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Re: To go to the ER or not, are you qualified to self-diagnose?
Posted by: p8712
Date: June 10, 2021 02:56PM
Quote
$tevie
Quote
p8712
It was a republican plan. Thanks, Mitt.
My father died under Romneycare and my mother did not have to pay one penny more than what the plan covered. In other words, any bills that showed up that weren't paid for by Romneycare, she could toss in the trash and forget about. I don't know about ACA in the same situation, I wonder if that is how it works?

Sorry about your father.

If ACA insurance doesn't cover it and you get a bill....you're on the hook.
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Re: To go to the ER or not, are you qualified to self-diagnose?
Posted by: Ombligo
Date: June 10, 2021 03:33PM
Quote
p8712
Quote
$tevie
Quote
p8712
It was a republican plan. Thanks, Mitt.
My father died under Romneycare and my mother did not have to pay one penny more than what the plan covered. In other words, any bills that showed up that weren't paid for by Romneycare, she could toss in the trash and forget about. I don't know about ACA in the same situation, I wonder if that is how it works?

Sorry about your father.

If ACA insurance doesn't cover it and you get a bill....you're on the hook.

You may be liable for a loved one’s debt if …

- You co-signed for the debt, such as a loan.
- You’re a joint account holder for a credit card. This would make you responsible for paying off any balance. If you’re simply an authorized user of the credit card, then you usually won’t have to pay for the credit card debt.
- The deceased person was your spouse and you live in a community property state — or the deceased was your parent and state law requires you to pay a certain kind of debt, such as healthcare costs.
- You were the executor, or other responsible representative, of an estate and you didn’t follow state probate laws as required.



“No persons are more frequently wrong, than those who will not admit they are wrong.”
-- François de La Rochefoucauld

Growing older is mandatory. Growing up is optional.



Edited 1 time(s). Last edit at 06/10/2021 03:33PM by Ombligo.
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Re: To go to the ER or not, are you qualified to self-diagnose?
Posted by: p8712
Date: June 10, 2021 03:34PM
Quote
Ombligo
Quote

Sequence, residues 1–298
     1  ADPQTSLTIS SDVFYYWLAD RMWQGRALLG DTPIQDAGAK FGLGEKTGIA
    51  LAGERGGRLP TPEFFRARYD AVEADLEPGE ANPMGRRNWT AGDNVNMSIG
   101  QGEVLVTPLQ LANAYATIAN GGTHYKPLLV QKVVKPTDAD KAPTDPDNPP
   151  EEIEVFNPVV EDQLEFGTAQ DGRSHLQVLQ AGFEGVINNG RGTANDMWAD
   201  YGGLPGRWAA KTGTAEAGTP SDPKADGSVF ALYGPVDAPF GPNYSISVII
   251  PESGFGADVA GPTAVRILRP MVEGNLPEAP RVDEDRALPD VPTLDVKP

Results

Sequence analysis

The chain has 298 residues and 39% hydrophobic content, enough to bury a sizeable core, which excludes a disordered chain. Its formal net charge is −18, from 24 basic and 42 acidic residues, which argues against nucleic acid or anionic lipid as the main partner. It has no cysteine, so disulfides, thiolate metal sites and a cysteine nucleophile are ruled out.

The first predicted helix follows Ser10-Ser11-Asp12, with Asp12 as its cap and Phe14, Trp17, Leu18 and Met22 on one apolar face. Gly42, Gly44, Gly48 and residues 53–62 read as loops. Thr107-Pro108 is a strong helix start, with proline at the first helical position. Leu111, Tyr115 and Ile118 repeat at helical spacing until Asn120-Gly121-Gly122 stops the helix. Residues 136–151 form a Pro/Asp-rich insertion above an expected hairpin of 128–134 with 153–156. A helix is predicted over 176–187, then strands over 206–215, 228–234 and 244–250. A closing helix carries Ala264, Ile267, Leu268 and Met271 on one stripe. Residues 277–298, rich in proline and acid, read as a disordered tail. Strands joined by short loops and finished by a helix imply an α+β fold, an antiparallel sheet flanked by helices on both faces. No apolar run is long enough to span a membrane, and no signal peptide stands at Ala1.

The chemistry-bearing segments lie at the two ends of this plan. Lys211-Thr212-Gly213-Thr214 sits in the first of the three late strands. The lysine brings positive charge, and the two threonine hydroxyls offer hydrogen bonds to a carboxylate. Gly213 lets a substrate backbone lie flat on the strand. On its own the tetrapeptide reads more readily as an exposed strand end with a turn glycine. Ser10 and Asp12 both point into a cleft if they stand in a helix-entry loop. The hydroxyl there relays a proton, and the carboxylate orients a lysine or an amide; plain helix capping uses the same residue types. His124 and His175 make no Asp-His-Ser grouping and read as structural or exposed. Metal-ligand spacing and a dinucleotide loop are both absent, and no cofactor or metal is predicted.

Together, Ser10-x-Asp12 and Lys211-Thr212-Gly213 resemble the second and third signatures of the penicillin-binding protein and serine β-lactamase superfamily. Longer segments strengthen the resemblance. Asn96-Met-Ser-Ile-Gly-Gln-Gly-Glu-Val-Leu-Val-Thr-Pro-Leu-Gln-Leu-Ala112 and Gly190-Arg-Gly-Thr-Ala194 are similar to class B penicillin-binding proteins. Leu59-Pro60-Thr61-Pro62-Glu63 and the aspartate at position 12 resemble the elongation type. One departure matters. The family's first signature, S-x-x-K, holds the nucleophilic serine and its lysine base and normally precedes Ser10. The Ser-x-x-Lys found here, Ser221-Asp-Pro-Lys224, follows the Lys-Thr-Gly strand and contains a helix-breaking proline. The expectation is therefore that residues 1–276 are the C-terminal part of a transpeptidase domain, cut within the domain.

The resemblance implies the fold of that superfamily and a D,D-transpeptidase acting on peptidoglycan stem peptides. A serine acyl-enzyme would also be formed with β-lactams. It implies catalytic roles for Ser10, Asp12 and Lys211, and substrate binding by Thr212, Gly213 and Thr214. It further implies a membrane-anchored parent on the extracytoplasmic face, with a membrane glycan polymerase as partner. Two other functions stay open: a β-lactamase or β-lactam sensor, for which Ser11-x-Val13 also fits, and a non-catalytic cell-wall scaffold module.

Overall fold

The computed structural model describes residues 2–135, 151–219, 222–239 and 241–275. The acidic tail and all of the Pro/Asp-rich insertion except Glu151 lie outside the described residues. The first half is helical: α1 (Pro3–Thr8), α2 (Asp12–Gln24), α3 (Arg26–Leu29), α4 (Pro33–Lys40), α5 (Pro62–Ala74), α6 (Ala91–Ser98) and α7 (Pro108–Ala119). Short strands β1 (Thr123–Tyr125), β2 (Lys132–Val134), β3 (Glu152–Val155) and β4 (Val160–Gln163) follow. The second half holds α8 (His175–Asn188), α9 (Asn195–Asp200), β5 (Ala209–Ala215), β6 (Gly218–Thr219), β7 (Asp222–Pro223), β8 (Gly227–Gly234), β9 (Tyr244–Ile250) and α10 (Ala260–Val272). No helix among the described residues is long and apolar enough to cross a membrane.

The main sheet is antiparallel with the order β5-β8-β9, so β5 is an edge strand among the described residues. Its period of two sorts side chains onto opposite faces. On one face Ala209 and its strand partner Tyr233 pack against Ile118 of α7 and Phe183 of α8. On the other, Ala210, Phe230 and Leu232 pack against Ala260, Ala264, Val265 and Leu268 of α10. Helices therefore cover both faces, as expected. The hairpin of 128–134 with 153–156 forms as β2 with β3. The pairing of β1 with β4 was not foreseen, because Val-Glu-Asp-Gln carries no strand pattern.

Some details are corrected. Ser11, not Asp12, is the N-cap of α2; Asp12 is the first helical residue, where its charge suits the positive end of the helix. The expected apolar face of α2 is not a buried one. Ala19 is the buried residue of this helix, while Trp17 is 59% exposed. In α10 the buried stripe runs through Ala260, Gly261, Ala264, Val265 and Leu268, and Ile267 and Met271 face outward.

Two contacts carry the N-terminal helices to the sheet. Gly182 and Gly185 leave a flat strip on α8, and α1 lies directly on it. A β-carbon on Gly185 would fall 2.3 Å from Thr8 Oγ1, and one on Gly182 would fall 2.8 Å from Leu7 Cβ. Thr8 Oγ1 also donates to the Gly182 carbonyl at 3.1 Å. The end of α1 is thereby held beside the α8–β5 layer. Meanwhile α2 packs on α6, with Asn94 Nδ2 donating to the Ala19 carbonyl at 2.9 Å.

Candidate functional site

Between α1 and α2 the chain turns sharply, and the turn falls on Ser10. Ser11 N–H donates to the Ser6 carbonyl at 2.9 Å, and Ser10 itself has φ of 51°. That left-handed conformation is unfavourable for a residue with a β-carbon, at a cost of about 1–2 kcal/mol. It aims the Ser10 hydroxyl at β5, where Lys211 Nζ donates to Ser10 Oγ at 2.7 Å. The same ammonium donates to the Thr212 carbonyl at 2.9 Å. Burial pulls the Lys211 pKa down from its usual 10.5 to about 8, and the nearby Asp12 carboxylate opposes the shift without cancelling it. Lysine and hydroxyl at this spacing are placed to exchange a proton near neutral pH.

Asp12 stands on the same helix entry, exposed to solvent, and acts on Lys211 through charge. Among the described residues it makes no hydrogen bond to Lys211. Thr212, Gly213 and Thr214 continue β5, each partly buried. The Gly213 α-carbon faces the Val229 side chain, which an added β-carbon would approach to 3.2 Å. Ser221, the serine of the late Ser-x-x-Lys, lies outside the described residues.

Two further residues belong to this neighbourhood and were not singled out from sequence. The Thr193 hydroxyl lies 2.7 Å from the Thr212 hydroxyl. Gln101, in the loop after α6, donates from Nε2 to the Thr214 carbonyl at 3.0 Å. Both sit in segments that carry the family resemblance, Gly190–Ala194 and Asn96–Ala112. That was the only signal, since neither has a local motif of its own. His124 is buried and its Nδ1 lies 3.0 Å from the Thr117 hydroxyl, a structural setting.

p8712
Quote
$tevie
Quote
p8712
It was a republican plan. Thanks, Mitt.
My father died under Romneycare and my mother did not have to pay one penny more than what the plan covered. In other words, any bills that showed up that weren't paid for by Romneycare, she could toss in the trash and forget about. I don't know about ACA in the same situation, I wonder if that is how it works?

Sorry about your father.

If ACA insurance doesn't cover it and you get a bill....you're on the hook.

You may be liable for a loved one’s debt if …

- You co-signed for the debt, such as a loan.
- You’re a joint account holder for a credit card. This would make you responsible for paying off any balance. If you’re simply an authorized user of the credit card, then you usually won’t have to pay for the credit card debt.
- The deceased person was your spouse and you live in a community property state — or the deceased was your parent and state law requires you to pay a certain kind of debt, such as healthcare costs.
- You were the executor, or other responsible representative, of an estate and you didn’t follow state probate laws as required.

I was thinking more for living people.
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Re: To go to the ER or not, are you qualified to self-diagnose?
Posted by: kj
Date: June 10, 2021 05:56PM
Quote
PeterB
Quote
p8712
Quote

There's no question that there may be stupid patients out there, but there's no need to compound that with the use of derogatory slang; doctors and nurses are supposed to be professionals and act professionally.

It's not the kind of thing you say to a patient.

No, it's the kind of thing you can get sued for, if it should happen that the patient overhears you: [www.washingtonpost.com]

I agree, despicable term. I refuse to believe someone with that attitude would provide high quality care. I would rather have a robot.
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Re: To go to the ER or not, are you qualified to self-diagnose?
Posted by: AllGold
Date: June 13, 2021 06:54PM
Quote
Bill in NC
Shouldn't;t there be an urgent care internally so intake can send them there instead?

Excellent idea.

I don't think that really exists, though. Some hospital systems operate their own urgent cares but they're likely not in the hospital itself. The largest hospital system in my area has several branded urgent care offices scattered around the region. However, they don't have one inside the hospital. They do have one across the street from the hospital but it's not open 24 hours so late-night you'd have to go to the ER.

There is a 24-hour urgent care in the area but it's not affiliated with the hospital nor located in close proximity.



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Re: To go to the ER or not, are you qualified to self-diagnose?
Posted by: mrbigstuff
Date: June 13, 2021 08:39PM
Quote
AllGold
Quote
Bill in NC
Shouldn't;t there be an urgent care internally so intake can send them there instead?

Excellent idea.

I don't think that really exists, though. Some hospital systems operate their own urgent cares but they're likely not in the hospital itself. The largest hospital system in my area has several branded urgent care offices scattered around the region. However, they don't have one inside the hospital. They do have one across the street from the hospital but it's not open 24 hours so late-night you'd have to go to the ER.

There is a 24-hour urgent care in the area but it's not affiliated with the hospital nor located in close proximity.

It's almost like the health industrial complex doesn't want that, eh?

I can recall the first visit to Europe and getting strep or something similar. Went to a 24 hour clinic where they looked at my throat ("ehhh!") and sent me off with erythromycin. Probably cost me $5. This was in 1990. The USA can't figure it out, though.